posted by punocchio at 10:07 PM on March 12, 2012 [2 favorites]


    I'm a very shy person and I have great difficulty in just talking to people I don't know. Because of this, I used to do what you do when I started having to give presentations - write an entire speech out word for word, memorise it and make palm cards to make sure I didn't screw up. It didn't work and made me even more nervous because I was worried that I would lose my place or something.

    Once I 'let go' of all that, I very quickly became much more comfortable as a speaker and therefore became a much better speaker. If you're like me and a combination of introvert and control freak, that letting go can be tough, but it's worth the effort. I've spoken to groups from 10 up to 300 and have always got very positive feedback.

    I never prepare any sort of detailed notes for a presentation and never prepare detailed slides (there's no point in reading out 50 PowerPoint slides word for word - might as well just hand out a printed copy and not waste everyone's time). I prepare a slide for each point that is sufficient to remind the audience what it was about if they refer to the presentation later and to remind me what order I want to talk about things. Remember that people have come to hear you speak, not recite something they could read at home. If you have to give the same presentation to different audiences, it's much easier to vary the content for different groups etc that way, also.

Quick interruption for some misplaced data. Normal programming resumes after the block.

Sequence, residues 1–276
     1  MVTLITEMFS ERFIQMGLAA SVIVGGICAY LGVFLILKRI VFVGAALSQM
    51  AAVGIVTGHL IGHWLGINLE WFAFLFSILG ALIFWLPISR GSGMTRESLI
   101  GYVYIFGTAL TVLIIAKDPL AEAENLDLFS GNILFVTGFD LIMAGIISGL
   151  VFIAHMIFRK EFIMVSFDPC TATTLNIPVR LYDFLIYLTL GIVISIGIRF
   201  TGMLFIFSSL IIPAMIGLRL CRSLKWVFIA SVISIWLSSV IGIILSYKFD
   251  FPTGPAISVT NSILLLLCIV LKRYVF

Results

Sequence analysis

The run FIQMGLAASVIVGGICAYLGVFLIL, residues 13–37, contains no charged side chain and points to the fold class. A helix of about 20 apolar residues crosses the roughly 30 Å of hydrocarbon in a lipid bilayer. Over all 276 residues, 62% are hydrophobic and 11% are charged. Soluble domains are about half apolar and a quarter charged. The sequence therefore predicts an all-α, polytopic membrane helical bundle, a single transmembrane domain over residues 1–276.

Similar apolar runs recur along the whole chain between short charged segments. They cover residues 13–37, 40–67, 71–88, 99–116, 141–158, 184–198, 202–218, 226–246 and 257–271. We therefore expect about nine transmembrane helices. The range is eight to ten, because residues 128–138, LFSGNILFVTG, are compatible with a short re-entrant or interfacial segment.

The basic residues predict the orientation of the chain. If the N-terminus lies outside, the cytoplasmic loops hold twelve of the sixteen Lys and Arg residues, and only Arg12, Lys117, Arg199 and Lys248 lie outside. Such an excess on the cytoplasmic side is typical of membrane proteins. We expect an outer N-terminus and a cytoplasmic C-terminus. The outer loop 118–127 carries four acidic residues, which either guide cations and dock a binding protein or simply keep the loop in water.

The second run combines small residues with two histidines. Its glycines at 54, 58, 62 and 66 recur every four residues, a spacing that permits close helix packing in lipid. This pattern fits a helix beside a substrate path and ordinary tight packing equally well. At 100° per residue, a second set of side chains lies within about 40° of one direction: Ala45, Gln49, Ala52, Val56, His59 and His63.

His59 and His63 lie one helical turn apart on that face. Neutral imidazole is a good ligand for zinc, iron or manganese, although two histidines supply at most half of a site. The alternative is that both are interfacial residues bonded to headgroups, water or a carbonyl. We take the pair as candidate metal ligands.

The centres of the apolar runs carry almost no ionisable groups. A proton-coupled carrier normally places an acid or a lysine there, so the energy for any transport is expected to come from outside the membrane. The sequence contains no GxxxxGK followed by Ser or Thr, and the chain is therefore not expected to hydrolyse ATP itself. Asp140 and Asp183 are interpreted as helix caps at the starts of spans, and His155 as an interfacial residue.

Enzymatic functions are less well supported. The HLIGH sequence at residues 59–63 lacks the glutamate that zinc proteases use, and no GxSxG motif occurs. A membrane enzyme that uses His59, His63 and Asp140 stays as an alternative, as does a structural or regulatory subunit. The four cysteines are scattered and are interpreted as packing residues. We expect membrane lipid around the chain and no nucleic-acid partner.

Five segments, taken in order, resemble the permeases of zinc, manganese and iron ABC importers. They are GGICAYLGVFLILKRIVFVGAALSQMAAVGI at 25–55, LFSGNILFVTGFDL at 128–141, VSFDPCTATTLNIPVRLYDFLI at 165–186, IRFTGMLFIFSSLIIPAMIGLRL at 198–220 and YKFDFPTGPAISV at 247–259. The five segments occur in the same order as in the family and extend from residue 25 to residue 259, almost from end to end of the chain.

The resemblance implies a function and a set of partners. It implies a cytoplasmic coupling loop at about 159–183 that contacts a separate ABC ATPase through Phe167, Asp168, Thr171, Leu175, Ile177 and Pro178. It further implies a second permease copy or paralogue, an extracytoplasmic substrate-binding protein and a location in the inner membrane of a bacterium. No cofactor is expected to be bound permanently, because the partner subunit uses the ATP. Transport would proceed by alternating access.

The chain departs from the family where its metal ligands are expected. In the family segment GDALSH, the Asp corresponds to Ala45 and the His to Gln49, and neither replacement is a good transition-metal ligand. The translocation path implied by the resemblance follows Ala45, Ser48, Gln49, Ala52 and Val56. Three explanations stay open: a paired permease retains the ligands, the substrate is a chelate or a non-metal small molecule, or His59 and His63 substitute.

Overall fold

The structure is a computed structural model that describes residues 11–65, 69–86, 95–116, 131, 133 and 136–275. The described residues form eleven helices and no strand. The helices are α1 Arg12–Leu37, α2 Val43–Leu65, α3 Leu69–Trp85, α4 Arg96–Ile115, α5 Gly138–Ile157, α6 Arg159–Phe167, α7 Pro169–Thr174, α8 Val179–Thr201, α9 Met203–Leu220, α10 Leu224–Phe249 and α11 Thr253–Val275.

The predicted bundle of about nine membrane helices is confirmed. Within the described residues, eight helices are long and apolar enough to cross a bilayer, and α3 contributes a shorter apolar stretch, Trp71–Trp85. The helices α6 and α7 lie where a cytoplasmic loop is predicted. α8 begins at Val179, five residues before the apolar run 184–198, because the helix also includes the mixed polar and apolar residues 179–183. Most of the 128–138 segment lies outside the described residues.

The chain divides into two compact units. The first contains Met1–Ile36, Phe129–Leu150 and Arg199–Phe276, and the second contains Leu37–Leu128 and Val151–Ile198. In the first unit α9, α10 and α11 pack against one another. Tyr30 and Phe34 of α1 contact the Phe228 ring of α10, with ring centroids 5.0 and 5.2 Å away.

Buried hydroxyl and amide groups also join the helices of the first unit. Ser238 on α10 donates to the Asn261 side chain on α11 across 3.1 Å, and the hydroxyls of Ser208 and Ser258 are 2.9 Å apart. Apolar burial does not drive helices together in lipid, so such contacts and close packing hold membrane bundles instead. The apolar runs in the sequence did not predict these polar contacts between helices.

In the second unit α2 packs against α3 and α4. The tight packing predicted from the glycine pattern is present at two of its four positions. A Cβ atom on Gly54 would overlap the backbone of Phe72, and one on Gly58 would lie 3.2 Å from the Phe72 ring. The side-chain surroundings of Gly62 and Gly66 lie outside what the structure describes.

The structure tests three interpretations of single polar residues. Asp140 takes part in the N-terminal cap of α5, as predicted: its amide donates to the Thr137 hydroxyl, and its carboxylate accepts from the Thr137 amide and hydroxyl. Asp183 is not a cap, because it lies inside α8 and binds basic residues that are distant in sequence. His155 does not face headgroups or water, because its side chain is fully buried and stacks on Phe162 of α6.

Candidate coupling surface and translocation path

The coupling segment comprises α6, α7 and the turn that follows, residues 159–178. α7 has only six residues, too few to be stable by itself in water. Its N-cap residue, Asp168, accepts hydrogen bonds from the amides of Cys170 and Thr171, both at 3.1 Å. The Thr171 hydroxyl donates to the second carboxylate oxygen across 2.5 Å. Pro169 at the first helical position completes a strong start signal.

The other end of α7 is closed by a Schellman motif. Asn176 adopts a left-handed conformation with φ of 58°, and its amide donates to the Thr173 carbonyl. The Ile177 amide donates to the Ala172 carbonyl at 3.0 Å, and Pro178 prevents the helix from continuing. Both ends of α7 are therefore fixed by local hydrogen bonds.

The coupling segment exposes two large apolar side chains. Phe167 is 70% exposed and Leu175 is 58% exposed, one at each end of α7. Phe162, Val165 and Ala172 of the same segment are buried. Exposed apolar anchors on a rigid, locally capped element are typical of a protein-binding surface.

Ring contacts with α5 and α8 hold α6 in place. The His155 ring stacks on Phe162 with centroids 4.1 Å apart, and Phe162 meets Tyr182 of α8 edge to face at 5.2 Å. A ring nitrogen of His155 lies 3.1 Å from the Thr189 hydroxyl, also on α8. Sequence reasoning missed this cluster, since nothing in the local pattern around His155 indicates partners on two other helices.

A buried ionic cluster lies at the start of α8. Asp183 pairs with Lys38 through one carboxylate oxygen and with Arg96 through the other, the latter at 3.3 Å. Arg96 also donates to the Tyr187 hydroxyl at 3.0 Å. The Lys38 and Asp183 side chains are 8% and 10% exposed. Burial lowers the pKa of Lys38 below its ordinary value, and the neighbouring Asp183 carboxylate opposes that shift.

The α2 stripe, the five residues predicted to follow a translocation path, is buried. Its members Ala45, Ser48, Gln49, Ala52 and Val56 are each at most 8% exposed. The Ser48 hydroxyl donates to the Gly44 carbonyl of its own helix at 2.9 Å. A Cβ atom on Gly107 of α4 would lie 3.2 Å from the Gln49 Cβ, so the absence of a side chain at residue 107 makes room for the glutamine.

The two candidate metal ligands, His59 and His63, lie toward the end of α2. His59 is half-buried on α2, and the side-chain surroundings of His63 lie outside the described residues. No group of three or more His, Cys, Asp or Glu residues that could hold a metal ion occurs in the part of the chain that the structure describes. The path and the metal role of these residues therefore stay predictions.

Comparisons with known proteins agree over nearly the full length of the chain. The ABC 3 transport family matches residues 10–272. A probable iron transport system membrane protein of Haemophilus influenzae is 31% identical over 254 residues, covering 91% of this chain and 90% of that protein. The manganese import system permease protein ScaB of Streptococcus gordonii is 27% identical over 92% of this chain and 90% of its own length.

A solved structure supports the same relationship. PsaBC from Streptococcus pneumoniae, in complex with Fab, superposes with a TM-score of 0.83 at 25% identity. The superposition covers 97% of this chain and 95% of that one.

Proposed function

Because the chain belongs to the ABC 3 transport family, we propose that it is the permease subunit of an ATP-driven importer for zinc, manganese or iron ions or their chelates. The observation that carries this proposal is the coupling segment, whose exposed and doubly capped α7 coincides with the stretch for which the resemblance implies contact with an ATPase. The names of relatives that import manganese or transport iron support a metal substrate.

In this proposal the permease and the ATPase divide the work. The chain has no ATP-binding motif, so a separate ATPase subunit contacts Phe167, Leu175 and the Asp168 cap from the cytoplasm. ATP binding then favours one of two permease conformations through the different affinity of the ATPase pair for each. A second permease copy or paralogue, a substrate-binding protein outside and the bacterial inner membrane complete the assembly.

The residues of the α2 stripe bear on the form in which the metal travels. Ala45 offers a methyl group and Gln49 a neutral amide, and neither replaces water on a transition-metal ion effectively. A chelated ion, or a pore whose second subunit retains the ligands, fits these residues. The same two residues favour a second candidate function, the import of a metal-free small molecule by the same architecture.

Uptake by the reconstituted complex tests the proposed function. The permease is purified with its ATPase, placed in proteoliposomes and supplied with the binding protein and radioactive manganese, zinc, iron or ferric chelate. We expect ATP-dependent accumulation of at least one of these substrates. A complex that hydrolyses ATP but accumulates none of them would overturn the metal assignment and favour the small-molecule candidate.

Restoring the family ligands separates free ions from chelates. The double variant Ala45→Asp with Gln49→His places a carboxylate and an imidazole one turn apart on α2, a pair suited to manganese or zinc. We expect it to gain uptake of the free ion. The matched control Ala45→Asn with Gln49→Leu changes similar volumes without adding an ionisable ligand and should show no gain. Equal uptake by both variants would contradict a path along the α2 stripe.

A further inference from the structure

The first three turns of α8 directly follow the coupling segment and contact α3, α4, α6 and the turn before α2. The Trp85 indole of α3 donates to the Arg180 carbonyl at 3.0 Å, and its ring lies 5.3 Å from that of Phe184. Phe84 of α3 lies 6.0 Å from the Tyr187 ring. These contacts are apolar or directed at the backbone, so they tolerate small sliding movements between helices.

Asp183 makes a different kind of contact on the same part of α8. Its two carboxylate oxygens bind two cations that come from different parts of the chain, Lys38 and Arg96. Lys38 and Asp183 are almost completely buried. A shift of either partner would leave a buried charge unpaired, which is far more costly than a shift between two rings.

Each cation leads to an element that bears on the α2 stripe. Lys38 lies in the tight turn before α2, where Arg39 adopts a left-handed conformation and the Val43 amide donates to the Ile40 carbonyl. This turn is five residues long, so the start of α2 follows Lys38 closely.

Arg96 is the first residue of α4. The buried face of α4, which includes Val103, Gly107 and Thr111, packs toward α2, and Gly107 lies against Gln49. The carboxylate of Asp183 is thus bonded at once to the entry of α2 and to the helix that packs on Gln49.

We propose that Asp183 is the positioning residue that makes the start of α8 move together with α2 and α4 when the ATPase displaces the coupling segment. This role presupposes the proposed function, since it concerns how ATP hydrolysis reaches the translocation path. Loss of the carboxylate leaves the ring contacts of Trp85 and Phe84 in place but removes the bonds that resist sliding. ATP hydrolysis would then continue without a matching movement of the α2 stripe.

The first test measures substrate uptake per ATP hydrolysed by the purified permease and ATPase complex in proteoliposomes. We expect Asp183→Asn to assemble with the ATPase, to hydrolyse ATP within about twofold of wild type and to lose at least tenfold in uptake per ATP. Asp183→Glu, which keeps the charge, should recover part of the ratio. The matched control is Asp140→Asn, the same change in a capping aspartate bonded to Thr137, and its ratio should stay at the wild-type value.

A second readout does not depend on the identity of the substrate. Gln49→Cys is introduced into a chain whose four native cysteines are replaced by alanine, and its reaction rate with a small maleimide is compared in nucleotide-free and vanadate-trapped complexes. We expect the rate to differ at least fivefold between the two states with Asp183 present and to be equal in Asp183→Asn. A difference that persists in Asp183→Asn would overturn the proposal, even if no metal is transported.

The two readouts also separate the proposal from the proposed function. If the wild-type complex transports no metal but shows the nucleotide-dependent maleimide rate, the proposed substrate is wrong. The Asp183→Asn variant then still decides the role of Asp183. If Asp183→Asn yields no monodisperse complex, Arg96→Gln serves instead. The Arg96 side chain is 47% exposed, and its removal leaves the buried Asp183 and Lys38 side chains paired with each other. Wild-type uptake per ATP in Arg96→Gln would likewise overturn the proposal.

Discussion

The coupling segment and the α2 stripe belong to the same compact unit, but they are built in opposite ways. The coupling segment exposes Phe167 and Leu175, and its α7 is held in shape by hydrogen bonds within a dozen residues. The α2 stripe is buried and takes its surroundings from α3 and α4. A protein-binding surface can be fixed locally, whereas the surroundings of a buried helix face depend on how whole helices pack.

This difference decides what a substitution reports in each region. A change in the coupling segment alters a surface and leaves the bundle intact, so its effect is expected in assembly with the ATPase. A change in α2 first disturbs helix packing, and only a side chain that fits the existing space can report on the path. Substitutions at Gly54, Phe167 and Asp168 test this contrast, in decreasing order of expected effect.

I tend to ignore a podium and microphone wherever I can (unless the room is big enough that this doesn't work and a lapel mike isn't available) because I think it feels a lot more like a conversation that way than a speech. Managing your time is important and I use a hand-held remote (an older version of this) that not only allows me to control the slides (and blank them out when I want to talk for a while without distractions and point at stuff), but has a timer function that tells me how long I've been speaking and vibrates with increasing insistence when my time is nearly up.

    Looking around the room and engaging with your audience is critical, as others have mentioned. Have fun and remember they are all there to hear what you have to say, so speak up and say it!